Holiday mentoring

Our family went to spend a few days skiing recently.  We were sharing a holiday house with three other families, which included three teenage boys and four fathers.

My wife suggested us men have a chat with the boys to share some of our life experience as men. This sounded like a good idea. An opportunistic way to carry out some mentoring to help the teenagers feel more included in the world of men and a chance to provide some inspiration about the direction their own lives might take.

We suggested this to the other men. I was interested to see how well this suggestion would be received. Two men were in favour, with one father in particular commenting on how he would have loved to have had that same opportunity when he was a teenager. Another father was not so keen to do this in a group, preferring to mentor and reflect individually with his son when the time was right. The remaining man was also in favour.

Overall, what struck home with me then was that men do have a real interest in mentoring and sharing their life experiences with the younger generation. They just need to be asked.

Then we had to decide on how to do this mentoring. We elected to call the boys over to the dinner table one evening and have a chat while other family members kept their distance. We decided to focus on two main topics:

  • what brought us to Australia and what do we think of the country compared to other countries we have lived in, and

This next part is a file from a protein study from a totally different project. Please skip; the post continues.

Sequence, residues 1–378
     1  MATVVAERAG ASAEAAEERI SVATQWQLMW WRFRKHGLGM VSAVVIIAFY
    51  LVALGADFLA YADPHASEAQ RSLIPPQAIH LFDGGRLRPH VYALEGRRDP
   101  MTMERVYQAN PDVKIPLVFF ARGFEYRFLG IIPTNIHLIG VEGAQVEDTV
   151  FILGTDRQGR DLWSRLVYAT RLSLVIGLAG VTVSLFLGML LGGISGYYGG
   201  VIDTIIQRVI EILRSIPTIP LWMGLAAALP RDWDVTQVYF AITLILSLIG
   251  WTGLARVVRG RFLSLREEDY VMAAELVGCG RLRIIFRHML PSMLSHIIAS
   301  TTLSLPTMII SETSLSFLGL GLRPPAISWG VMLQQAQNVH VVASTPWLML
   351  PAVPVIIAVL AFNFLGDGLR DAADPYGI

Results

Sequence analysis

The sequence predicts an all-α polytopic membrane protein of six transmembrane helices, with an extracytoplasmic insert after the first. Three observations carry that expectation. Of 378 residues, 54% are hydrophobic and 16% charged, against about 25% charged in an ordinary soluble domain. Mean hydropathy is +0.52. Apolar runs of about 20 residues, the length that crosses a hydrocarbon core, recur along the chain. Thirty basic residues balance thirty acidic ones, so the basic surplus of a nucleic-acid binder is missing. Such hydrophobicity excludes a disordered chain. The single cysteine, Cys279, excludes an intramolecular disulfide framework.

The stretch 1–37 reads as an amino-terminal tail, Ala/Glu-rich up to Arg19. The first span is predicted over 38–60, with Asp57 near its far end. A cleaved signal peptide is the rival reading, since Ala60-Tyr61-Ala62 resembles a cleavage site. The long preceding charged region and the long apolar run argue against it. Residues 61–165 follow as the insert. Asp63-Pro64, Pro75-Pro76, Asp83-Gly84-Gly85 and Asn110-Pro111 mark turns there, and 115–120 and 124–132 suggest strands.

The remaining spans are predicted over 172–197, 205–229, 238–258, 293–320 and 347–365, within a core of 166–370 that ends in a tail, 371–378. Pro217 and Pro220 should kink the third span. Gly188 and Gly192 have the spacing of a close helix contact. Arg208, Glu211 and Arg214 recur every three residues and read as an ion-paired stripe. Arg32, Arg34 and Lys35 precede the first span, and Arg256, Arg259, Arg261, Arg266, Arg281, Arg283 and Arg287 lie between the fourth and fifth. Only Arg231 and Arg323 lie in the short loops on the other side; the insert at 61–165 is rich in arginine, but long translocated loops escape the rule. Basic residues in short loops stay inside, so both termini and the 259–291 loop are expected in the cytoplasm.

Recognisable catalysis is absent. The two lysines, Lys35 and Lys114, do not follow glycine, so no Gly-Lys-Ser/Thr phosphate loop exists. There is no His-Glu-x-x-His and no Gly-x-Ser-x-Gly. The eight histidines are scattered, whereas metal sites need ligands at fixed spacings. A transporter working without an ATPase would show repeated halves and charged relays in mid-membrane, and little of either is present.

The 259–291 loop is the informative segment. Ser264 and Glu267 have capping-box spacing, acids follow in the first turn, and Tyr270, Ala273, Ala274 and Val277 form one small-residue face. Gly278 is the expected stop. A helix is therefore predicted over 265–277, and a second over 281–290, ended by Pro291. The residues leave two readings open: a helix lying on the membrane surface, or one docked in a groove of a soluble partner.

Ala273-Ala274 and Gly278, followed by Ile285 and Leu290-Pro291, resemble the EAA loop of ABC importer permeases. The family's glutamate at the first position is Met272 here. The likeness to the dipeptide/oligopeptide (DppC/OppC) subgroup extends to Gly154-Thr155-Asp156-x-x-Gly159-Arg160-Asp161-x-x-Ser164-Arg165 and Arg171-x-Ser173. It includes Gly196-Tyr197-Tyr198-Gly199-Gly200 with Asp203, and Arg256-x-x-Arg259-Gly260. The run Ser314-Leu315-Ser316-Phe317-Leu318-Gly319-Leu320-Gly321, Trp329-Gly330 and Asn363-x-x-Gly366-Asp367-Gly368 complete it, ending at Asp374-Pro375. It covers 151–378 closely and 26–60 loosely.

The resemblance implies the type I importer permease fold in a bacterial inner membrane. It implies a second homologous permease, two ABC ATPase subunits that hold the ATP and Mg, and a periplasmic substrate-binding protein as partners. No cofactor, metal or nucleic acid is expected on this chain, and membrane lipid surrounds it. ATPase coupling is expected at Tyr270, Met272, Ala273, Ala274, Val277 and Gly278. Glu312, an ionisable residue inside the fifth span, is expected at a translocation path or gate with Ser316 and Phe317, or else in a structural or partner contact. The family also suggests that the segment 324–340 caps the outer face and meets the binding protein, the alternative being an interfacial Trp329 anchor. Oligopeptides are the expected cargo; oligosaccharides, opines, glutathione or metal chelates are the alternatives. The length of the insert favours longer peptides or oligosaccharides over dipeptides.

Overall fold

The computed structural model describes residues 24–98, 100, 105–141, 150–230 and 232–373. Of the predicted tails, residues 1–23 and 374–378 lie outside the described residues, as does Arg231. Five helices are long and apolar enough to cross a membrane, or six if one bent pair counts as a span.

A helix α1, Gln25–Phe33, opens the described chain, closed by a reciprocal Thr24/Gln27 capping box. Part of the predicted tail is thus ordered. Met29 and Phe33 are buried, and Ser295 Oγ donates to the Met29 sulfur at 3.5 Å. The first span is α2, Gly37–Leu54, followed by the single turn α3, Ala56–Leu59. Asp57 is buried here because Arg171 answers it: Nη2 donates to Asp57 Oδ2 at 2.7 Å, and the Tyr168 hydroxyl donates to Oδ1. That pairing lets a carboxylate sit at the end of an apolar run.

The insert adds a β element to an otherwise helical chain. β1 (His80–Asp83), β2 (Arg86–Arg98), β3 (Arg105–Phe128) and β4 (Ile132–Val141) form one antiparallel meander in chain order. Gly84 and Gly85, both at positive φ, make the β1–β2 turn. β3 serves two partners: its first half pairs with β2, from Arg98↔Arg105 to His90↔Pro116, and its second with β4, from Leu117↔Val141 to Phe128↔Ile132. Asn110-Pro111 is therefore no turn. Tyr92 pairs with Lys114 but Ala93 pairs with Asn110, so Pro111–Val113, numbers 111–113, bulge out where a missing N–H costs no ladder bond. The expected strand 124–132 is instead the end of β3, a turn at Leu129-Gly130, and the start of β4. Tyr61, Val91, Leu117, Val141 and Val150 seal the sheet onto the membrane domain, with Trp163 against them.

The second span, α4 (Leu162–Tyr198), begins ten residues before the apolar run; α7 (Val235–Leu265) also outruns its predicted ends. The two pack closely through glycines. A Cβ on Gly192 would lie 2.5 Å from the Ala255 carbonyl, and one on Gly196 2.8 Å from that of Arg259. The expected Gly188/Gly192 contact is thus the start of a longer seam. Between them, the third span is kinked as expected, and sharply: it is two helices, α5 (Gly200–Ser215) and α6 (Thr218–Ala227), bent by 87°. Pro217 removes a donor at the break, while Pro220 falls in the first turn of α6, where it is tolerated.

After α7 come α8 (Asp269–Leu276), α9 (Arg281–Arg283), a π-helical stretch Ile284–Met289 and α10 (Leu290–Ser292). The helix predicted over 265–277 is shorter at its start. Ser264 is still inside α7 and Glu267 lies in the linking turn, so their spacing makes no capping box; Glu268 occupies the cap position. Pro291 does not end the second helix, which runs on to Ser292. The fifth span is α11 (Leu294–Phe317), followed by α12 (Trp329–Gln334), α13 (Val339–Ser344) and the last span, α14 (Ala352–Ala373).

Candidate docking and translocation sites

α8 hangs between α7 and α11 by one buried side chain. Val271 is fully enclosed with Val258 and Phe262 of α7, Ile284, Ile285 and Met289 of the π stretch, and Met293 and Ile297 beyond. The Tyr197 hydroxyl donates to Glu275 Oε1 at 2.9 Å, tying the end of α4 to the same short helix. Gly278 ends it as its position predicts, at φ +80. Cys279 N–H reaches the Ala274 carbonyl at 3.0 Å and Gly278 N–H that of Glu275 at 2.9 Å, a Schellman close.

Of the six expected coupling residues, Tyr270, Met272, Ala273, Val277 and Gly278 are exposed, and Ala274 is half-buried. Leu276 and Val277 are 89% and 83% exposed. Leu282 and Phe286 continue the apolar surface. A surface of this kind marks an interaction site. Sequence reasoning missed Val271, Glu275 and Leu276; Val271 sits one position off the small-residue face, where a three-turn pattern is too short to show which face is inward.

• what influenced us as teenagers to follow the career paths we took.

We spent about an hour and a half talking. The vast majority of the talking was done by us men. We did ask the teenagers questions, but responses were generally brief. We tried to keep to sharing our own stories rather than dishing out advice, but were not always successful. I also reflected that at times we sent contradictory messages:

  • Follow your interests to help find a fulfilling job – but make sure you study for a career which will make you money.
  • You don’t need a degree to make a success in life – but study hard and try and get one anyway.

Feedback from the boys afterwards was limited and not particularly positive – “its not something you enjoy”. There did, however, seem to be some genuine engagement during the talk, so I believe at least some of it was well received.

Feedback from the men was that they thought at least some of what we shared would be useful, but wondered if we should have asked the boys to write down some questions first for us to answer, so we could focus on their needs, rather than on what we wanted to share.

For me, one of the positives was sharing different cultural expectations around study, monetary success and business. I felt much of the learnings from this talk were as much for the men as the boys. It also brought us men closer as a group.

So what can I conclude from the above?

  • Men (and women) are interested  in mentoring young people, but don’t really know how.
  • Adults need some guidance about how to run a mentoring session eg how much they share their stories vs listening to the teenagers.
  • Every moment spent with teenagers is a potential mentoring opportunity, but its the adults job to make the first move.





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